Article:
Language Log #1: Contemplating languages

I am a linguaphile. I am completely intrigued by languages. I love looking at the links between different languages, similarities and differences, language jokes and memes, and yes, I love learning languages.

What I am most definitely not: a talented polyglot.

There are many things that get in the way of learning languages properly, but they can mostly be summarised: I have a terribly short attention span, lose interest quickly, and have very little discipline. As a result I end up doing most things half-assed. Case in point: learning languages. I always envy polyglots who work at languages systematically and end up being very decent, if not fluent at them (although everyone has a different definition of fluency and that’s a topic for another time). Me? I’m decent at best, and at worst completely hopeless.

I want to learn all the languages and I want to be really, really good at them.

But at some point the reality of the situation dawned on me:

  1. You can never learn every language ever (and time is limited).
  2. Some languages will be easier than others.
  3. Some languages will be more interesting than others.
  4. Some languages will be more useful than others.
  5. #2, #3 and #4 are usually not the same language.
  6. You will regret not spending enough time on a language.
  7. You will regret dropping a language.
  8. You will regret not dropping a language.

…and finally:

  1. You will not become fluent in all your languages, and it doesn’t matter.

Taking all of the above into account, I’m having a small (but continuous) existential crisis when it comes to languages. Where to go from here, what do I really want to achieve?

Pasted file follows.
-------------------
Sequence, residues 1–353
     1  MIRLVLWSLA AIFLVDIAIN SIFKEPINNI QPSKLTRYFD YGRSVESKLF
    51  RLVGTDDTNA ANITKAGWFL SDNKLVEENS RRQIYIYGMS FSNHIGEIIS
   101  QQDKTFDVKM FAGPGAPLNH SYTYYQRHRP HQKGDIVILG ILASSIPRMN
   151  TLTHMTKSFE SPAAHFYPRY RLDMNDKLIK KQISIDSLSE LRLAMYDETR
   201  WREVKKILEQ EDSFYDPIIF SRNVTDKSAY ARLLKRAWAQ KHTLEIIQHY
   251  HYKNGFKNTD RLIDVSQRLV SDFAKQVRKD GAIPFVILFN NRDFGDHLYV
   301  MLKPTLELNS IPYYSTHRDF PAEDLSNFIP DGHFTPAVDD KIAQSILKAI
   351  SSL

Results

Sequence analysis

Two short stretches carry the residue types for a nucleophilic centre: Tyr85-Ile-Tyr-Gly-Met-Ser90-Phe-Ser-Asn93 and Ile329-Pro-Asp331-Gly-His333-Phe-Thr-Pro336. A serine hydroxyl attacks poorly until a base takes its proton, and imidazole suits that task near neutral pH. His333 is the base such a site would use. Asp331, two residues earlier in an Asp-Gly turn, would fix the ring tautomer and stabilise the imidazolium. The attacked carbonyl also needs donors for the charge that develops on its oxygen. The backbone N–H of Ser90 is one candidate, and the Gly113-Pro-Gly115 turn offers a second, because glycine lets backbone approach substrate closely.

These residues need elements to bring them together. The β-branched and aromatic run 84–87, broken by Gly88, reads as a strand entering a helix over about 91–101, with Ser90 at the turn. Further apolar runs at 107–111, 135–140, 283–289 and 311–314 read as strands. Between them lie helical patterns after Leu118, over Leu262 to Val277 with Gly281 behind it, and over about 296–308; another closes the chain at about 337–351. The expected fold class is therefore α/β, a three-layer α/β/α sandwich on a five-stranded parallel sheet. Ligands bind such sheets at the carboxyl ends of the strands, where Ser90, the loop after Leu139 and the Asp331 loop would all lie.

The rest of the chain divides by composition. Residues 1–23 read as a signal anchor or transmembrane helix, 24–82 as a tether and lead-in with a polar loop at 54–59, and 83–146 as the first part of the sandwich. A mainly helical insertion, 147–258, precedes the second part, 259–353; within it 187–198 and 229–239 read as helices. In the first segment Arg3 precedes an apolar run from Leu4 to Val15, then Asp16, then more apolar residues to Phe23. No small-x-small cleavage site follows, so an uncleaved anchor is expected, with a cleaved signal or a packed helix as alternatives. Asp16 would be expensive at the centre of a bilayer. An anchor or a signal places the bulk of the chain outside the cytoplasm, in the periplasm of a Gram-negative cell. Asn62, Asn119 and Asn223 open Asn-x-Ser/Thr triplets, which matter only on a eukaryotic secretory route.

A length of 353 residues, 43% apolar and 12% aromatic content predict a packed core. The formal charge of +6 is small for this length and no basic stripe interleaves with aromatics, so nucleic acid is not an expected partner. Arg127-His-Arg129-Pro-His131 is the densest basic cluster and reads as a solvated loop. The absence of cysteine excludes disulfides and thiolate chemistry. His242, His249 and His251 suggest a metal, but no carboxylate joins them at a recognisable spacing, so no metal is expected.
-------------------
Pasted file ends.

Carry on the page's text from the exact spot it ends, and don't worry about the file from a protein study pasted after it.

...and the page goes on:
Do I want to spend more time on my semi-solid languages (German and Japanese)? Do I want to focus on my freshest newest language (Korean)? Do I want to revive something old and given-up-on (Mandarin, French)? Or do I want to start from the beginning (Russian)?

Or do I want to do it all at the same time? (Spoiler: yes.)

Oh man, life is too short.


  1. I know, right? It’s especially bad when you won’t be satisfied with just knowing the basics. If I’m learning Russian, I fully expect to be able to read Tolstoy one day… and soon at that! On the other hand, we’re lucky that we like reading to start with. I feel like once you get good enough to read, it becomes kind of self-sustaining (granted you actually read which comes back to not having illimited time though).

    I’ve been guilty of having a few language flings as well (Estonian, Italian, Chinese and the beautiful Dutch of course!) I used to shop for my next language “after” Japanese. Such a fool hahaha. Glad to see your blog back btw!

    • I wholeheartedly agree with the reading thing! For me it’s one of the most enjoyable (but also most frustrating, not gonna lie 😉 ) ways to use a language.

      My main language frustration is, I guess, deciding when I’m satisfied. You never really stop learning of course, but when do you feel confident enough to consciously stop learning and instead just pick up things along the way when they come up? I haven’t found the answer to that yet.

      (Haha @ Japanese. It’s never-ending!)

      How is your Russian btw? I’ve just returned from a holiday in Georgia (Georgian is super fascinating btw) and I really really kind of want Russian to be my next language!
      Carola recently posted… Language Log #1: Contemplating languagesMy Profile

  2. Are you studying Korean too? I’ve been doing my best for a few years now (probably around low intermediate level for reading and beginner for everything else!). Luckily, there’s so much material out there, that it rarely gets boring – I just wish i had more time for it…

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